Updated COVID-19 boosters have started rolling out to pharmacies nationwide, but some individuals are reporting a high price tag associated with getting a shot.
CBS News Boston reported Sept. 19 that individuals covered by Medicaid and others across social media have reported getting charged for the new vaccine, up to $190.
COVID-19 vaccines were free under the public health emergency and are still covered by most commercial and public payers. According to the report, spokespeople for CVS Health and CMS said the charges stem from outdated health plan billing codes.
"Some payers are still updating their systems and may not yet be set up to cover the updated COVID-19 vaccines. If this happens, our pharmacy teams can help patients schedule an appointment for a later date," a CVS spokesperson told CBS.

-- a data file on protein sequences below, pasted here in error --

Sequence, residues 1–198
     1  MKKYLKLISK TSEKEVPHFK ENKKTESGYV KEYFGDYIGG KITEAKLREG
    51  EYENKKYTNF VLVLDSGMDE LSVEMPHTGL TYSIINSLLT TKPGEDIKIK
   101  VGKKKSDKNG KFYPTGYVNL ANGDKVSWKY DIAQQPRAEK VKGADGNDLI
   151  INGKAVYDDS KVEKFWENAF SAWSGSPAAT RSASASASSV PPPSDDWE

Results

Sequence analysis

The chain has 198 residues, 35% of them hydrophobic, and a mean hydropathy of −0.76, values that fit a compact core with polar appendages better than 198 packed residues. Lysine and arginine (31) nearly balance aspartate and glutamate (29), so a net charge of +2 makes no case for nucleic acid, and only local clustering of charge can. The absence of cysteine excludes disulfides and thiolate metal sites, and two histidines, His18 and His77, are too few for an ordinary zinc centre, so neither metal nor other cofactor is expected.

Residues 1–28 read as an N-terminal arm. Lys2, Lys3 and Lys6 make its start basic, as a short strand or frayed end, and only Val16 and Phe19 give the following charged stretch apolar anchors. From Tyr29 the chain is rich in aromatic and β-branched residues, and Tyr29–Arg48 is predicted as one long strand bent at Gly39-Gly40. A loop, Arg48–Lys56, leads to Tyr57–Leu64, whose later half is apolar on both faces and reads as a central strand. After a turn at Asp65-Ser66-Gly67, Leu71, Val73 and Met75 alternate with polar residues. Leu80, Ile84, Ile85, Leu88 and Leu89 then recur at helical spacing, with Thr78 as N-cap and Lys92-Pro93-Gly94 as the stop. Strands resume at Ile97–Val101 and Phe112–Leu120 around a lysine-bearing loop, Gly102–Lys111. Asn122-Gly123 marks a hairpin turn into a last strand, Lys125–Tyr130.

"All of this is temporary," Jen Kates, senior vice president at KFF, told CNN Sept. 20. "It is the first time they’re being commercialized. There are things that have to be put in place, so it is temporary. It is also the case that insurers have known this was going to happen for quite a while."
On Sept. 12, the CDC director delivered the final stamp of approval to XBB.1.5-focused COVID-19 boosters.
Hours before the director's ruling, a CDC committee panel voted 16-0 to recommend the shots for most people 6 months and older. The FDA approved and authorized the new formulas from Pfizer and Moderna on Sept. 11.
The FDA approved the boosters for people 12 and older, and it gave the new boosters emergency use authorization for those between 6 months and 11 years old.